4 Stars — Powerful
Lee Daniels' tale of the civil rights movement in the United States focuses on the story of one man and his family who experience the cataclysmic changes that have taken place over the last century in this country. With an African-American president in the White House, The Butler ends by finally claiming victory over the horrific injustices perpetrated on this persecuted race.
The emotional content of this historical journey is powerful, and the violence is not easy to watch. The main character is based on the true story of Eugene Allen, who worked as a butler for eight American presidents, was invited to a state dinner by the Reagan family, cast his vote for President Barack Obama and saw him elected before he passed away in 2010. However, Allen did not experience the rift in his family that was portrayed in the film nor did he have a son who, in Forrest Gump-style, participated in virtually every significant moment in civil rights history.
The Gaines family, created by Daniels (Precious) and based on the writing of Danny Strong, is headed by Cecil Gaines (Forest Whitaker). Having begun his life working in the cotton fields alongside his parents as field servants in the segregated south of the 1920s, Cecil sees his father (David Banner) shot in cold blood. The killer (Alex Pettyfer) had brutally raped his mother (Mariah Carey), and when Cecil prodded his father to do something, it cost him his life. This event changed the direction of Cecil's life, since the mother of the killer (Vanessa Redgrave) brought the boy inside her plantation house to be trained to be a house servant.
The path from cotton picker to chief butler of the White House is indirect yet believable as Cecil demonstrates an unusual ability to serve with dignity. But the more powerful story is found in what happens in Cecil's family and in the White House's interactions with the civil rights movement.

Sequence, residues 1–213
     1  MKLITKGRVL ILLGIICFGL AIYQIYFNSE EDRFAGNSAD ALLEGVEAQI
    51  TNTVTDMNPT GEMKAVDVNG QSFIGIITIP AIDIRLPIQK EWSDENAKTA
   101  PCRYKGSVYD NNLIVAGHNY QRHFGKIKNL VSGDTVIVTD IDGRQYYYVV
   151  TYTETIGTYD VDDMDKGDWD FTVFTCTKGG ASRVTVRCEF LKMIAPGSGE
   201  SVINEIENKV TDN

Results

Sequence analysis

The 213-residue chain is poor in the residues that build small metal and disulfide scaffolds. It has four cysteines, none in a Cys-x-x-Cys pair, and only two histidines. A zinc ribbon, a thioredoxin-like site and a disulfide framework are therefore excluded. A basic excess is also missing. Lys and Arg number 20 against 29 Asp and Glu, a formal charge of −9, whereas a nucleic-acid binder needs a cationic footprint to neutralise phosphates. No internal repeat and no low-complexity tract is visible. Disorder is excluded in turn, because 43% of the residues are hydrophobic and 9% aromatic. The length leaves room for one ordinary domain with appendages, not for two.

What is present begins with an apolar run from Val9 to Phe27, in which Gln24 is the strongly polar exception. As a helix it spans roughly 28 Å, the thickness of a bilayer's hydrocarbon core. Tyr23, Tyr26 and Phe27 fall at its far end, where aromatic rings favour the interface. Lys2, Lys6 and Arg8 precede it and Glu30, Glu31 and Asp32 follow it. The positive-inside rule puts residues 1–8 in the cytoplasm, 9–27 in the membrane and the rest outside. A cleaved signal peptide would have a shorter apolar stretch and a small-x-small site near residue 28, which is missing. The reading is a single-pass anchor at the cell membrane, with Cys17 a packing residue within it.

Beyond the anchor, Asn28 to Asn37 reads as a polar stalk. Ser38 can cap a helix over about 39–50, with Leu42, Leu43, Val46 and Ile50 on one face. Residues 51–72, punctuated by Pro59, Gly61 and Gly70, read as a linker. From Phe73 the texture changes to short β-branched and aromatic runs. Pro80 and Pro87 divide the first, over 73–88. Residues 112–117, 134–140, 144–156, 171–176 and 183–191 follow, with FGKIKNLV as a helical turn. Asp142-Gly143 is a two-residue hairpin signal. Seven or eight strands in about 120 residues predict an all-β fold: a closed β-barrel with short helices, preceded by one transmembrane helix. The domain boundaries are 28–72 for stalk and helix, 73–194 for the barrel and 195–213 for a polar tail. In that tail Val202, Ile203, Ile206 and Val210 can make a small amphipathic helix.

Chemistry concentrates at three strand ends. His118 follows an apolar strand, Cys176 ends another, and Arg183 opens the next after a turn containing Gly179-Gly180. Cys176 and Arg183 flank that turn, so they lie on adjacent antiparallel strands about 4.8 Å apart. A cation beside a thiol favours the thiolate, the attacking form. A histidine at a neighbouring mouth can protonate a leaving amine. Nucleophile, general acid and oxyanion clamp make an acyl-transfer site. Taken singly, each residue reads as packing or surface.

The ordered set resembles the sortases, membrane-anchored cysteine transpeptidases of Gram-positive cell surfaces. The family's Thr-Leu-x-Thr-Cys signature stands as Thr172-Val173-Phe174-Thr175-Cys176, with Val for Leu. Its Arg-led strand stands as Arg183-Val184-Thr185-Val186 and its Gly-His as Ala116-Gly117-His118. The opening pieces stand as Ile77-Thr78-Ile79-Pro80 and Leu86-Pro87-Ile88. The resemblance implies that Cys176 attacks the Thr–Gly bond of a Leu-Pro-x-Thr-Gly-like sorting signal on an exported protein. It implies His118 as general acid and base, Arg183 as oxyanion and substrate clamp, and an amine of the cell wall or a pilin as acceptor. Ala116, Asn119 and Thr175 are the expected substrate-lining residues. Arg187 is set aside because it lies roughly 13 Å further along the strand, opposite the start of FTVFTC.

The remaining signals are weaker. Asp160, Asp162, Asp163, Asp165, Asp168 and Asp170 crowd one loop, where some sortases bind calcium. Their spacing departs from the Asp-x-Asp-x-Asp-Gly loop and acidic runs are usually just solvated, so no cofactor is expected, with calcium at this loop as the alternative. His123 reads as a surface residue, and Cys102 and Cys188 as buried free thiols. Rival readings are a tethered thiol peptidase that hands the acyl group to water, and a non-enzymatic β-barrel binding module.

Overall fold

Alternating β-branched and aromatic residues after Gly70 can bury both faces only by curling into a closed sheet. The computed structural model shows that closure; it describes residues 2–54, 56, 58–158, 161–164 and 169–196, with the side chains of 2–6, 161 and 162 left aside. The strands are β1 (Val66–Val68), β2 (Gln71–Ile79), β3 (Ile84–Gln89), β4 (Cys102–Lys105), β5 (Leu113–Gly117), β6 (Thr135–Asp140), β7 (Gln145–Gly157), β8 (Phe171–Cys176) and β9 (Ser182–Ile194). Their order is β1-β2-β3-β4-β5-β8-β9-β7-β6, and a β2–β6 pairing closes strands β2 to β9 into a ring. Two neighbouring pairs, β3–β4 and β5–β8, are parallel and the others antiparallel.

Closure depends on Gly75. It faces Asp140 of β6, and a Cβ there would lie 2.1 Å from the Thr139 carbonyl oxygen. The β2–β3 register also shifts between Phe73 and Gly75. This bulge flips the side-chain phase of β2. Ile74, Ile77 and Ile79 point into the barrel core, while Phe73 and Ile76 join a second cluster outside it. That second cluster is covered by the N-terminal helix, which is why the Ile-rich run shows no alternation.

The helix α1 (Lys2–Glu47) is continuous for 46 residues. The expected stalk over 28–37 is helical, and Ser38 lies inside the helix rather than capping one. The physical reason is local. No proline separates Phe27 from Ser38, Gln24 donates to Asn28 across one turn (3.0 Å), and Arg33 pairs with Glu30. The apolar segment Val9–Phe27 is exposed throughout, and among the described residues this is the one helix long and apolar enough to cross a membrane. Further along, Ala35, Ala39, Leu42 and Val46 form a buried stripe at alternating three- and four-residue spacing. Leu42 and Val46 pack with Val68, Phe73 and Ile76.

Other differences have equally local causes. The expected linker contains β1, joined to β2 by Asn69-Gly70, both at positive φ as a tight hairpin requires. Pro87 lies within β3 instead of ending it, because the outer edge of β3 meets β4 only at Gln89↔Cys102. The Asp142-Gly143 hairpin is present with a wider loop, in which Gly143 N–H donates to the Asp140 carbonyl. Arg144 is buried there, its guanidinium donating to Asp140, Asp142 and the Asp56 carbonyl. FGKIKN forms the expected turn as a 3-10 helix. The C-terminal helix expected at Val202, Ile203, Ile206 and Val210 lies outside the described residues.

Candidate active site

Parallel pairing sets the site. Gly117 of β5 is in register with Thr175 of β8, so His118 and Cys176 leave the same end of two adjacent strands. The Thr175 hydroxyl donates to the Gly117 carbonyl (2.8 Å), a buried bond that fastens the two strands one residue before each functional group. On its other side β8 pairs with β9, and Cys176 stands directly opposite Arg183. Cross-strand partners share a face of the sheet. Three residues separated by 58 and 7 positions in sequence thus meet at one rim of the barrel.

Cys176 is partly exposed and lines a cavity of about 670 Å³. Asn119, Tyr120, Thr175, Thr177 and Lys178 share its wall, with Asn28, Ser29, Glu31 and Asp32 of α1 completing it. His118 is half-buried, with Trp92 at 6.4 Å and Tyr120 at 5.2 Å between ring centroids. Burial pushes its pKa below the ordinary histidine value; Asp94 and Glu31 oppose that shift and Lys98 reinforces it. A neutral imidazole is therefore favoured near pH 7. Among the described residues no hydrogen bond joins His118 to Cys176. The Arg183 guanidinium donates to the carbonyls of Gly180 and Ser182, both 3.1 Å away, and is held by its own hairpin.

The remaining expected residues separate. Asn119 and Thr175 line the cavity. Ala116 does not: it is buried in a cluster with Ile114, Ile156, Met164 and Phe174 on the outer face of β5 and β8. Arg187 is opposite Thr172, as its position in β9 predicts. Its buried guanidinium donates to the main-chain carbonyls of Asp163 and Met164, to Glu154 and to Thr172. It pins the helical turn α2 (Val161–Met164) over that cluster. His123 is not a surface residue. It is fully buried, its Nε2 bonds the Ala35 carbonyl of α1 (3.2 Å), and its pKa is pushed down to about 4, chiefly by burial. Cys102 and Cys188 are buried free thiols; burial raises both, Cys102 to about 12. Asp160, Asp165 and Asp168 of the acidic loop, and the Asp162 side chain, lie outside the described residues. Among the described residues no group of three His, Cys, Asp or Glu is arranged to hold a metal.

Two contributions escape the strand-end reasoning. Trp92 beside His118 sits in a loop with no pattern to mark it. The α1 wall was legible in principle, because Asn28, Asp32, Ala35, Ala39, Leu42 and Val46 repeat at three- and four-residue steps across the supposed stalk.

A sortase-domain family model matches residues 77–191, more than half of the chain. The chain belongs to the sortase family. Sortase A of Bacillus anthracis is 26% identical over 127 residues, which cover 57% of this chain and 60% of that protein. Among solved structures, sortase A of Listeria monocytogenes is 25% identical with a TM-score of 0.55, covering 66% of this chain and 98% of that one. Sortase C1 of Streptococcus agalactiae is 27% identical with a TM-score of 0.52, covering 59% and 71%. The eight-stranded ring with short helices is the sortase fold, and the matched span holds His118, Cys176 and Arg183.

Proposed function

Cecil marries the voluptuous Gloria (Oprah Winfrey) and raises two very different sons. His older son, Louis (David Oyelowo), is an idealist who is committed to bringing about political change for social and legal racial equality. His younger son, Charlie (Isaac White), takes the opposite path and enlists to serve in the Vietnam War, explaining to his brother: "You are fighting against your nation and I am fighting for it." Disagreeing with both of his sons' choices, Cecil becomes the "everyman" father of young black men during that era.
The civil rights movement takes the film from the presidency of Dwight Eisenhower (Robin Williams) to Ronald Reagan (Alan Rickman). Presenting each president only from the perspective of their attitude toward civil rights, we also find Louis present in virtually every significant moment of the civil rights movement. He is a part of the inner circle of the Rev. Dr. Martin Luther King Jr. (Nelsan Ellis), the founding of the Black Panther Party and the leader of the protest against apartheid in South Africa, as only a few examples.
The emotional and political journey of one African-American family from the 1920s segregated South to the election of a black president is powerfully effective. Dr. King observes the subtle power that resides in the black domestics' daily access to the most powerful leaders of the world during these societal changes.
Through Cecil's faithful service to the presidents and their families, we see how these black servants who were known and trusted by those at the highest levels of power humanized the racial issues and put a face on the injustices that needed to change. This influence is seen even more when Cecil attempts to obtain a higher wage for the black employees of the White House equal to that given to the white employees.
Corrected finally by the Reagan White House, the realization that racism has been persistently reinforced at all stratas of society causes all of us to stop and examine where racism still exists in our own lives as well. This makes the film not only a moving celebration of the historical victory of the civil rights movement but a reminder that full equality is not yet complete, which is a powerful and worthy message.
» As we look back at the 1950s segregation and the 1960s social upheaval to bring about reform, we see it with the eyes of a nation that has recently elected a black president. What injustice do you think the eyes of those 50 years from now will see in our current culture that needs to change? Why do you answer as you do?
» The inability of Cecil and Louis to work through their issues is a microcosm of our larger struggle as a nation to do so in many areas. Why do you think we refuse to sit down with others and work together to find solutions? Why do we divide into sides and attack the other?
» Dr. King's observation that getting to know one another as humans best ends racism is a powerful insight. Have you found it helpful in your own life? Do you purposefully get to know people different from yourself? How has that changed prejudices in your own life?
— Cinema in Focus is a social and spiritual movie commentary. Hal Conklin is a former mayor of Santa Barbara and Denny Wayman is pastor of Free Methodist Church, 1435 Cliff Drive. For more reviews, visit www.cinemainfocus.com, or follow them on Twitter: @CinemaInFocus. The opinions expressed are their own.